After a week in which Democrats repeatedly attacked his economic plan as beneficial to the rich and devastating to the poor, Republican nominee Mitt Romney insisted Sunday that his tax and budget proposals would help rebuild the middle class in America. During a series of lengthy talk show interviews, Romney and his running mate, Paul D. Ryan, declined to go into detail on how they would pay for across-the-board tax cuts while balancing the budget over two terms in office (Reston and Parsons, 9/9).
Los Angeles Times: Bear Hugs And Medicare For Obama In Florida
President Obama spent much of the second day of his Florida bus trip talking about government healthcare for senior citizens as he campaigned in critical precincts of the state. But his policy critique may have been overshadowed, at least locally, by something rare: an exuberant embrace from a supporter at a pizza joint in Fort Pierce (Parsons, 9/9).
The Wall Street Journal: Obama Vows To Fight ‘Privatizations’
Campaigning in a state that has long drawn retirees, President Barack Obama on Saturday promised to fight the privatization of Medicare and Social Security, the popular health and retirement programs for seniors. In making the vow, Mr. Obama appeared to be implying that his Republican rival, Mitt Romney, supports Social Security privatization, which he doesn’t. Mr. Romney’s running mate, Rep. Paul Ryan, has been a leading proponent of privatization—that is, of allowing workers divert some Social Security tax payments into privately owned accounts (Meckler, 9/8).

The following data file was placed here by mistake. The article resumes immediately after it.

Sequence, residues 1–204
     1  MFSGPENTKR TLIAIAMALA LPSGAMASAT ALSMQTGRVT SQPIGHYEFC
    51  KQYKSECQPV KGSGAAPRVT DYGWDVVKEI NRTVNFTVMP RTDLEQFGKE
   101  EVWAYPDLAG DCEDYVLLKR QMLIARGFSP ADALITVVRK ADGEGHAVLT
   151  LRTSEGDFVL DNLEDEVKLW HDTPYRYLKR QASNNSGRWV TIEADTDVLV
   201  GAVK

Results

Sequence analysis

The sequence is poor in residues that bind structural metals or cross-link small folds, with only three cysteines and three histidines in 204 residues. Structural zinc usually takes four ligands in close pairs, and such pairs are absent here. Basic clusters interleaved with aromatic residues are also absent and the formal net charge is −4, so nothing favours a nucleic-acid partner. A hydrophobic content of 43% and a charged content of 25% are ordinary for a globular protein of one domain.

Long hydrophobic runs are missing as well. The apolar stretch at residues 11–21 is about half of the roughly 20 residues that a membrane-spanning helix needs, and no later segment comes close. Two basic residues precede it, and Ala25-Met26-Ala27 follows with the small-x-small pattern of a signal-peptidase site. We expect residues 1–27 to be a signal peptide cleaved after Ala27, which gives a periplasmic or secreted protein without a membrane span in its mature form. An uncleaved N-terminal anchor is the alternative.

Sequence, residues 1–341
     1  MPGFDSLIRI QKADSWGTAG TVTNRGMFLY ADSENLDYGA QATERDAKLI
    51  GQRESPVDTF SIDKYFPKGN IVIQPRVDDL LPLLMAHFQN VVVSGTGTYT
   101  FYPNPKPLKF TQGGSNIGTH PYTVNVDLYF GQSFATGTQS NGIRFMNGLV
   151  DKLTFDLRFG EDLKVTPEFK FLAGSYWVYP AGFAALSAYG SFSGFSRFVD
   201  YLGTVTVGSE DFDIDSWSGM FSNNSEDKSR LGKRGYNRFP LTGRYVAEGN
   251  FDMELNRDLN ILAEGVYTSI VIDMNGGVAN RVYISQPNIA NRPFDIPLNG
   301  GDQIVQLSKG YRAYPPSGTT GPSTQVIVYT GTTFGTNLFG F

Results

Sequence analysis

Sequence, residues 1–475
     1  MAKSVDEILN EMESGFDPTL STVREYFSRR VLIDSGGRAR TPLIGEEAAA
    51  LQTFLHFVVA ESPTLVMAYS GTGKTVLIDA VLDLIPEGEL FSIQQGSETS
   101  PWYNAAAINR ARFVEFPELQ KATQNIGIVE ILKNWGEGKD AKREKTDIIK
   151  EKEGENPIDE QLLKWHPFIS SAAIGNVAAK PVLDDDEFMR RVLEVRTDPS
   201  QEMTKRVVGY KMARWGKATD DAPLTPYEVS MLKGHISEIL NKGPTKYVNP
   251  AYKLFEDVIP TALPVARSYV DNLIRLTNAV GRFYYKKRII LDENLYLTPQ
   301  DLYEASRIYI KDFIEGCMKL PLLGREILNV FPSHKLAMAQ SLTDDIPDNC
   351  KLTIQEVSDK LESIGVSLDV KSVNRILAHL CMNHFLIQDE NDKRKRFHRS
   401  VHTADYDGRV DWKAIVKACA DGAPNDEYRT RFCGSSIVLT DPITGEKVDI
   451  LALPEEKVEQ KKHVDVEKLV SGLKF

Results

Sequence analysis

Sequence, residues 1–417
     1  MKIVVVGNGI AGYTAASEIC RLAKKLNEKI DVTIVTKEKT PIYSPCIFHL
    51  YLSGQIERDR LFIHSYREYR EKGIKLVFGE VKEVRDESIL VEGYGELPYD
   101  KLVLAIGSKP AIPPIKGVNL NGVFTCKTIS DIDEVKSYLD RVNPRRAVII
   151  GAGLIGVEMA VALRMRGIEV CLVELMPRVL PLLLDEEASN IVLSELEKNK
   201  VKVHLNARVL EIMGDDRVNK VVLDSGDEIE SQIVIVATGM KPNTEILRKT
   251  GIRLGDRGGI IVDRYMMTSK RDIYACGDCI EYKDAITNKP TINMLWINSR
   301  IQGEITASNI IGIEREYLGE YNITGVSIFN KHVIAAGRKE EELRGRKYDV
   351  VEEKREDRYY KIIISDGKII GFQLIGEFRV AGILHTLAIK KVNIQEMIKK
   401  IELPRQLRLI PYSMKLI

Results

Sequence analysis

Los Angeles Times: Obama Charges That GOP Budget Plans Don’t Add Up
He also plans to talk about Medicare and Medicaid, government health programs that both benefit seniors. In his interview with Pelley, Obama said he is willing to “make some adjustments” to the programs. “But the way to do that is to keep healthcare costs low, it’s not to voucherize programs so that suddenly seniors are the ones who are finding their expenses much higher,” he said (Parsons, 9/9).
The Wall Street Journal: Romney Struggles To Gain Traction In Battlegrounds
With two months to Election Day, Republican presidential candidate Mitt Romney faces the disconcerting reality that he isn’t winning most of the states he would need to beat President Barack Obama. … Mr. Obama in Florida over the weekend repeated his stipulation that any new deficit-reduction deal include tax increases and argued that seniors would pay more for their health care under the Medicare plan offered by Mr. Romney and his running mate, Rep. Paul Ryan. He also critiqued Mr. Romney’s plan for not being specific about how it would balance the budget (Murray and Meckler, 9/9).
The New York Times: Ideological Opposites Prepare To Meet In Debate
As Mr. Ryan buckled down on Sunday for his first full day of debate preparation, Mr. Biden campaigned over the weekend in Ohio, where he derisively labeled Mr. Ryan’s plan to overhaul Medicare “vouchercare.” The vice president challenged the news media to “fact-check me.” The Romney-Ryan campaign responded with a direct round, singling out Mr. Biden. “Vice President Biden is once again advancing fabricated and disproven attacks,” said a spokeswoman, Amanda Henneberg (Gabriel, 9/9).
The New York Times’ The Caucus: Ryan Defends His ‘Yes’ Vote On Automatic Defense Cuts